What does the science actually say about seed oils?

I’m so sick of talking about these I made AI write this:

In this episode, Jono discusses seed oils and addresses the claims made about their health effects. He explains what seed oils are, where they come from, and the major claims against them. Jono debunks the idea that seed oils are unhealthy due to their production process, highlighting that the evidence does not support this claim. He also examines the link between seed oil consumption and inflammation, concluding that the evidence does not show a significant impact on inflammation in humans. Additionally, Jono addresses the claim that seed oils are responsible for obesity, emphasizing that it is the overall energy intake and food environment that contribute to obesity, not just seed oils.

Hey, that’s actually not too bad! Please enjoy


Time Stamps

00:00 Introduction to Seed Oils
06:03 Examining the Link Between Seed Oils and Inflammation
14:20 Understanding the Role of Seed Oils in Obesity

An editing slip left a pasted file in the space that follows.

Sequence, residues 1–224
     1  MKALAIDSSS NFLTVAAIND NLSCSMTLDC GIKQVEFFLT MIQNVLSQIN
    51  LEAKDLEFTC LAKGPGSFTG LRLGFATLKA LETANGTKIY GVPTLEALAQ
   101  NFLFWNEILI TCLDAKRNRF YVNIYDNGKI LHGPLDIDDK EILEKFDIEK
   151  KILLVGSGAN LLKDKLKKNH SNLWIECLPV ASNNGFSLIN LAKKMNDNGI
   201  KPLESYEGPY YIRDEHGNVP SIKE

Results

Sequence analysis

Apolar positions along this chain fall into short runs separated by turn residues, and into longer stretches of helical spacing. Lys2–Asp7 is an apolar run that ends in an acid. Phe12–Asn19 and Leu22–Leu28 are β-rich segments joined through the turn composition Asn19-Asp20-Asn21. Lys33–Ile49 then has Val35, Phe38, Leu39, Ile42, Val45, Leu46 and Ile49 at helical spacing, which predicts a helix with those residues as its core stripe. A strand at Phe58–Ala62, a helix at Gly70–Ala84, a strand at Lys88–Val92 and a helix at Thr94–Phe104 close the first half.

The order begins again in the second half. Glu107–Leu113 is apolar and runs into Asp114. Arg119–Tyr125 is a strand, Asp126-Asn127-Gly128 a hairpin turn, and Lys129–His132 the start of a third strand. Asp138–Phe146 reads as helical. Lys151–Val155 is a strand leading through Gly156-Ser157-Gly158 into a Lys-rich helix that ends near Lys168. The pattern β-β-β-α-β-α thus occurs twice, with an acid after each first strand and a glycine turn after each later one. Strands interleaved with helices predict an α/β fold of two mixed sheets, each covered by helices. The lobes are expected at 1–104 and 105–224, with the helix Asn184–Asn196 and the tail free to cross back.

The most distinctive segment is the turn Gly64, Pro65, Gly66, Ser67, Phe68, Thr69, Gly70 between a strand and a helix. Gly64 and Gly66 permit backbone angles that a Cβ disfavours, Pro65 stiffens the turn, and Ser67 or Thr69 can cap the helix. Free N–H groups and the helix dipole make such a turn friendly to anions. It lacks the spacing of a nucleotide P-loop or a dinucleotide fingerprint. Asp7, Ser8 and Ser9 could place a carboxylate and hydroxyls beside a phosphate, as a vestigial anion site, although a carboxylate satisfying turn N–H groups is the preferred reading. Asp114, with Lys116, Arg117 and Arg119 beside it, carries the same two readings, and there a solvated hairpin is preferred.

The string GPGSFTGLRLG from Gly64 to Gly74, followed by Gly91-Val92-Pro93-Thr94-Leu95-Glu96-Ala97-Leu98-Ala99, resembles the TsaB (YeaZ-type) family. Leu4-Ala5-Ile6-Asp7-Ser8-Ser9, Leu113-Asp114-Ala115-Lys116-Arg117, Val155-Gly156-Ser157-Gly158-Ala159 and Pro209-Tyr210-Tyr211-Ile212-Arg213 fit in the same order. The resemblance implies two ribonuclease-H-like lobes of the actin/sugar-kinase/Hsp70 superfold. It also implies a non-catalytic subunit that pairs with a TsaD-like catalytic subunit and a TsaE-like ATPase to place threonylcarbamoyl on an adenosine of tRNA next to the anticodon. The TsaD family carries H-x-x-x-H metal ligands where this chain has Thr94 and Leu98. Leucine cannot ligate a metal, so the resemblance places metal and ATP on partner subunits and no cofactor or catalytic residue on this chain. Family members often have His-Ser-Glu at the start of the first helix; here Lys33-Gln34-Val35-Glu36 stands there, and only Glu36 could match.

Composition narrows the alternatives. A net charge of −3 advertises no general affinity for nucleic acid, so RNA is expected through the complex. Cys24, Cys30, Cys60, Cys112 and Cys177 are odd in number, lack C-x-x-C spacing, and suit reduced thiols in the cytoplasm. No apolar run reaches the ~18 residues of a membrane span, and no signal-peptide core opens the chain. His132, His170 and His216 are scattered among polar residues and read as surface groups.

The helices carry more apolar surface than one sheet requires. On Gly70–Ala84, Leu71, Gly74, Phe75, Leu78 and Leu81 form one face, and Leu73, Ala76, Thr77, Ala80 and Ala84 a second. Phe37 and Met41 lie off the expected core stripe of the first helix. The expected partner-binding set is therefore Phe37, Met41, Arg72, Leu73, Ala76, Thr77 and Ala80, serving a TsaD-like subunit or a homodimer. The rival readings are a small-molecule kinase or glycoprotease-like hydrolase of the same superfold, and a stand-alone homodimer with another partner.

Welcome back to the Bite Me Nutrition podcast. Today we have a doozy of a topic. We're gonna be talking about seed oils. Now for a few of you lucky ones, you fortunate people who have avoided the dark corners of the internet, you're probably thinking what the hell is a seed oil? And I will cover that, but unfortunately, I feel like most of us have probably come across someone making some pretty extreme claims around the health of seed oils and foods that contain seed oils. And so I want to use this podcast to go through what these claims that, well, firstly, just to tell you what they are, what seed oils are and where they come from and all these sorts of things. Uh, but then also go through some of the major claims that I've heard people make about seed oils, unpack the evidence behind these claims, uh, to see if it's something that you need to be worrying about in your diet. Um, they like, there's definitely certain tribes will call them on the internet, uh, in the nutrition space that are very anti seed oil. They also typically have a few other nutrition views, which are questionable, but we'll go through that as well. And even though some of you mightn't have heard of seed oils, this stuff is becoming more and more sort of pervasive and more mainstream, if you will. I was in Byron Bay a while ago now, maybe six months ago. And if you're from Byron Bay, please don't take this the wrong way. Obviously it's an absolutely stunning part of the world, but some of the health ideas that come out of there can be a bit interesting. I remember we got breakfast there and the bottom line of the menu on the cafe, cafe said something like, uh, proud to be seed oil free or certified seed oil free or something like that. So even cafes are now, um, making this claim. Uh, I know up where I live on the sunshine coast, there's a certain cafe that has, um, been consulted by a health influencer, which is, that's a depressing sentence, but t hey are also seed oil free because this person has in their head that seed oils are bad and obviously has a relationship with the cafe. And here we are. So seed oils are derived or extracted from seeds. I know, I know. I bet you couldn't have figured that out on your own. So thank God I'm here. But the most common ones that we're going to see, at least in Australia, are things like sunflower oil and canola oil. Um, you know, a common one I use cooking is sesame oil incredible in Asian cooking. But I would say sunflower and canola are probably the two most commonly used ones. They differ from things like avocado oil or olive oil because of like avocado and olives are fruits. So they technically don't count as seed oils, right. And they're all also, of course, quite different from things like butter or ghee or coconut oil, also a fruit. And so, yeah, it's this kind of subset of cooking oils that have been derived from seeds. There's kind of three main claims I think I hear about them or problems that people have with them. Um, the first is down to the way that they have been produced. Um, Yep. The way that they have been produced. Uh, the next is kind of this big, I guess, talk discussion around their, their promoting inflammation, which in turn, uh, increases your risk of disease and cancer and death and these sorts of things. So kind of a big pathway there. Uh, and then the other big claim I see is that they're, uh, they're promoting obesity or they're responsible for obesity. So I want to unpack each of those three. Uh, I'm going to start with the easiest one. Um, the, you see all the time that they are industrial oils that they were, they're, you know, very highly processed and they were made in a factory. Um, and they were used initially for lubricant, which like, I don't really know why that matters to be perfectly honest, other than it's a very, very excellent example of something called the naturalistic fallacy, which is a thinking kind of error that we can fall into, which is this idea that things that are natural are safer and better for us and things that are unnatural, which is not always the case. An example that gets thrown out all the time is like cyanide is natural, but clearly not very good for us, right? Same as bears. So like just because something is natural, it gives you no bearing on whether it is good for you or not. And so the fact that these are quote unquote, unnatural is irrelevant, right? What we want to do is we want to always be referring back to the studies and the information that we see there. So one of the things that comes up is there's a compound called that production and people go on about hexane being really bad for us. But the reality is hexane as a compound is very unstable, which means that after that process, there's going to be very, very little left in the residue, it's all going to decay and degrade and disappear. So the likelihood that your seed oil is high in hexane is slim to none. You get more hexane from exhaust, you know, like walking in the city getting it inflammation. And then of course, you know, high levels of inflammation increase our risk of disease and cancer and that bit is true, you know, high levels of chronic inflammation are not ideal and are definitely not something that we want to be seeing in people. But the part where it breaks down is when they talk about the link between seed oil consumption and higher levels of inflammation. Where this comes from, well, to understand where this comes from, we need to just talk about the different types of amigas. So the fatty acids in our diet. Probably the two most common ones and I'm sure a lot of you have heard of like Omega-3s. These are your polyunsaturated fatty acids. They're predominantly found in fatty fish and then nut seeds and olive oil contain them as well. The name Omega-3 is just kind of reference to its chemical structure. It's like where the double bond is in the carbon chain. It's three from the terminal end. That's so unimportant. That's just me trying to blow the cobwebs off my biochemistry from uni. But that's the name. That's where the name Omega-3 comes from. And then we also have omega-6 fatty acids, which are monounsaturated fatty acids. Again, the name is due to their chemical structure. They are often also found in seeds, obviously, and nuts and fatty fish and olive oil as well. They contain all of these fats, just kind of in different ratios. So when you hear someone say that salmon is a good source of omega-3s, it's not that it doesn't contain omega-6s, it's just that it's got predominantl and then of course we have saturated fat, which I think is omega-9. I should know that, but I don't. But saturated fat is the other predominantly, yeah, the other main source of fat, oh, a lot of keys. The other main source of saturated fat, the other main source of fatty acids. And finally we have trans fats, which fortunately we don't have to worry about too much anymore. They've, we're working to, I'm not working, but they are working to eliminate them entirely from food production and they've done a pretty good job of it, so. Anyway, there you go. Omega-3s and omega-6s. They're the two most common ones that we're gonna be talking about in this scenario because seed oils are very high in omega-6s. And there's this idea that a high intake of omega-6 can increase your inflammation. And in particular, your ratio of omega-3s to omega-6s can be pro-inflammatory if that ratio is out. I actually remember learning about this at uni. They taught us about this ratio in uni, but I'm not sure if... what I just got taught was wrong or if more evidence has sort of come out since then. Um, but it looks like the, this ratio is actually not very relevant because on the Omega six side of the ratio, it doesn't seem to matter how high that Omega six intake and therefore our Omega six status is people with high Omega six statuses can still be perfectly fine and healthy. If their Omega three and Omega six status is sorry, if their Omega three status is healthy or optimal. And so it's less about this ratio and more just about making sure you've got enough omega-3s. And so it appears that if you've got adequate amounts of omega-3s, the omega-6 intake is not super relevant. In fact, there's quite a few studies showing that a higher intake of omega-6s can actually be beneficial. So I think one of the suggested reasons why omega-6 is inflammatory is because of it's, there can be a conversion to something called arachidonic acid, which is pro-inflammatory, yes, but there's no evidence to suggest that humans develop this really high amounts of systemic, so all over our body, arachidonic acid. All of these claims are coming from, they're either theoretical, like so mechanistic studies or they're in rodents in particular. There's no evidence to suggest that they are inflammatory in humans. And you're going to get sick of me saying that phrase in humans, because that is a theme that's going to continue with this in all of these discussions around seed oils. I'm yet to see someone put forward a good study in humans. They're either complaining because it's industrial lead produced, or they're talking about all of these studies and mechanisms that we have not been able to observe in humans. Um, I've said it before. I've made the joke many, many times, but if you're listening to this, you're probably not a rodent. And so whilst rodent studies are important for developing hypotheses, and they're an important part of the scientific method, I'd be very careful using a rodent study to influence the way that you eat, i.e. I wouldn't. So in terms of that ratio, haven't seen any reason to suggest that it is a problem. We haven't seen any reason to suggest that a high omega-6 intake is an issue in humans. In fact, we've actually got quite a few studies showing that groups of people have higher intakes of seed oils in particular, canola oil, like I said, that's a common one. So that's been studied pretty thoroughly. We see these in these big groups of humans with that consumption, either in a neutral or potentially even a slightly positive impact on their health, which is obviously quite different from what you've been hearing about seed oils, but here we are. And the criticism of these studies is often that they're big cohort studies, they're longitudinal studies. So they're not, they're what's called free living studies, right? That we haven't put locked someone in a lab and controlled everything they've eaten. So yes, there's a lot of other variables that could be going on in their diet. First of all, these studies run for like five plus years, which is great because a lot of things in nutrition take a lot of time to develop, right? Something could be incredibly damaging for you, but if you eat it for a week, you could still be fine. So that is the... how that's why these studies are helpful because they give us a longer range version. But also you can't like that. You can't lock someone in the lab for five years and control everything that they do. That's prohibitively expensive. So it's very idealistic, but we just can't do it. So we need to use these studies. And the reality is we can do a lot of clever. I can't do it. Clever people can do a lot of clever statistical analysis to kind of remove out these other variables to make sure that the results that we're seeing aren't due to other things. Like they're not due to things like their alcohol consumption, their smoking status, their sedentary lifestyle, these sorts of things, right? So we can control for these variables and we still see this either neutral or slightly positive impact on people's health with a high or moderate to high consumption of seed oils. So either seed oils aren't a problem or they are a problem, but these people are also doing making so many other positive nutrition choices that it's outweighing their seed oil consumption. I know which of those two scenarios sounds more likely and looks like the people writing the studies agree with me or rather I agree with them, which is great. Um, so we do have a, like quite a big evidence base of human data showing that moderate to high intakes, you know, just normal intakes of seed oil consumption are totally fine. Whereas I am yet to have someone show me a study in humans, there it is again, showing that a higher omega six or a higher seed oil consumption has negative outcomes. Even if I saw that one study, it would have to be a pretty epic study to start to completely change my view, not because I know that sounds really bad, hey, because the scientists are supposed to be flexible. But we also need to make sure we're talking about the Oh man, the evidence as a whole, right? So even if one study comes out showing the opposite, that's gonna be really interesting and I'd be keen to read it and dive into that. But the fact that it's one versus a whole host of other studies still shows that the body of evidence, the weight of the evidence, that's what I was looking for, suggests that seed oils are safe. But if you've got that study, or if a friend has a study, please let me know, because it, yeah, be really interested to read it. Don't think I'm gonna get anyone sending me a study though, because I don't think it's out there at this stage. So what's next? Oh, yes, obesity. This is the last one. So a lot of people blame seed oils for obesity. I've seen people even saying that it is the cause. It's not sugar. It's not our sedentary lifestyle. It's not the fact that calorie averages of fast food have like doubled or something in the last 20 years. It's not food security, food access, food literacy. It's not your socioeconomic status. That's not, it's nothing to do with any of those things. It's not the food environment that we in, it's actually just seed oils, right? People are actually making claims like that. It's insane. So, um, to boil down, you know, the very, very complex scenario that is obesity to one factor. So if someone's doing that, you know, automatically, please just ignore them, unfollow them, um, clean up your feed. But one way I suppose in which a seed oil product could promote higher body fat levels is because a lot of ultra processed, highly energy dense, highly palatable foods do contain some seed oils, right? I know I just said ultra processed and that's a controversial topic because I don't really like people talking about ultra processed foods as being the devil because it's a very broad spectrum, yada, yada. Instead, please replace ultra processed with highly palatable energy dense because those are the foods which if over consumed can be problematic and they're easy to over consume because they're highly palatable right? They're delicious. And so if you have a pack of Tim Tams with a seed oil in it, and you eat the whole pack Tim Tams because they're delicious. And you are consistently eating higher intakes of these foods, eating the whole packet of chips because they're delicious, you're eating the whole pint of ice cream because it's delicious. You're probably not going to have seed oils and ice cream, but you know, you get my point. Is it really the seed oil that's driving that person's excess body weight? Or is it maybe the just higher energy intake overall? Right. We know that, uh, body to gain body fat, you need to be in a calorie surplus. You need to be eating, consuming more energy than you were burning. Um, seed oils don't break that law. They can't break the first law of thermodynamics. Um, but highly palatable, energy dense foods make it a lot easier to eat in a surplus. So, in the case of the obesity, I don't think it like you could replace every single seed oil in those foods with olive oil, which is very, very healthy oil, still my favorite oil, by the way, I'm not saying like I would still recommend people go for olive oil if they can. But if you did that, it wouldn't change the energy density of that food, people would still overconsume it and we would still have the exact same outcome. It's not the seed oils, it is the all of those other factors and more that I mentioned that are kind of contributing to this obesogenic environment that we are living in. So again, if someone's got a study, they won't. I'm just so sick of talking about it. But anyway, I think that's inflammation, industrial obesity. Cool. So I guess sometimes the question I get then is like, yeah, but like, Jonah, does it matter if... If I avoid these foods, like why is this a problem? Because like I said, they're not going to like significantly improve your health. They either have a neutral to like maybe a mild positive impact like I spoke about, but I think it's probably more likely that on the whole, they're neutral. So, you know, if I want to avoid them, what's the problem? And for the individual, that might be okay. But what's really important to remember is more than anything, they're very cost effective.  Like I said, my favorite oil still is olive oil because it's the one with actual legitimate health benefits. But a bottle of canola oil compared to a bottle of olive oil, it's like a 10th. That's not true. It's probably like a fifth of the price, I think, last time I checked. It's so much cheaper. It's very cost-effective. And obviously at the moment, financial environment is pretty cooked. And so for a lot of people, that olive oil might just be one of the things they have to cut. And then their canola oil though is very accessible and they may eat being made to feel scared and guilty about purchasing this unhealthy, damaging oil, which is just not true. But obviously, they're not going to feel great about that, are they? And as we know, shame and guilt aren't the most helpful emotions when it comes to making healthier food choices. So that's the first thing, the very cost effective seed oils are very cost effective. So making people afraid of them is pretty elitist, which is so weird in the wellness space. Hey, we never see any elitism going on. And certainly no privilege. But the other thing that often happens, and I would say this is one of the worst things, is that people are often encouraged to replace seed oils with unhealthy oils, right? And fats, the groups I spoke about before with the other questionable beliefs, so usually anti-seed oil, but very pro butter, and tallow and lard and ghee and coconut oil. And these fats are... very high in saturated fat, right? And we know that saturated high intakes of saturated fat increase our risk of cardiovascular disease, which is the number one killer in the world. So telling someone to replace a cheap, neutral, neutrally health impactful oil with a potentially health damaging oil, hopefully you can see why that is potentially a huge problem. And so, that's another issues people are going to. Look, if you're replacing all your seed oils with olive oil, that's totally fine. If you're replacing all your seed oils with butter or ghee or coconut oil, that could be problematic. So that is another scenario that grinds my gears when it comes to seed oils. I think the last thing as well is just, if you're not careful, if you go to scorched earth on your Omega-6 intake, you can eliminate a lot of really, really healthy foods. So a lot of nuts, you know, walnuts. almonds, and then obviously chia seeds, hemp seeds, all of these foods contain omega sixes. And then there's even some healthy packaged foods that contain these seed oils specifically, I know one of the air popped popcorn brands that I love contains a little bit of sunflower oil, you know, and people would be avoiding that because it's a seed oil, right? Despite the fact that popcorn is incredibly rich source of antioxidants, a fantastic source of fiber, it's a really satisfying relatively low calorie snack. It's got so many good things going for it, but it's got a little bit of sunflower oil on it. So depending on who you've been listening to on the internet, you might be afraid of that and you might avoid it and remove this incredibly like cost-effective and nutritious food from your diet. So while removing seed oils on the individual level, you could do it in a way that doesn't damage your health and hopefully keeps your mental health intact, but for a huge amount of other people and the public as a whole, I very much don't think that's what's going on. You know, I've seen people complain, like Oatly, I think has sunflower oil in it. And so, you know, that milk is poisoned because of the seed oils. Like it's just, it's wild out there. So. I guess that's all I've got to say about seed oils, which is more than I've had to say about any other topic actually. This has been my longest solo podcast. Oh no, it's happening. I'm ranting, but I'm gonna shut up now. Hopefully that's answered your questions about seed oils. If it hasn't, please reach out and let me know what the other questions are that I've missed so I can cover them. I would love for you to send this to your favorite carnival bro, or your favorite paleo bro, all those people that are scared. It's actually not, I know we pick on bros, but there's... bloody ton of whatever the opposite of broke gal. I don't know. There's a lot of people talking crap about this topic. So stay safe out there. If you see someone demonizing seed oils, please unfollow them. I don't care if they've got good recipes. I don't like just get rid of them. They're going to start making you afraid. They're going to give you more and more nutrition misinformation and they're going to confuse you, which is one of the most dangerous things. So please get rid of them. Have a listen to this podcast. All of the references to those studies, of course, will be in the study notes. Don't take my word for it. I'll put them there so you can read them yourself and see the hard data. And I will talk to you next time.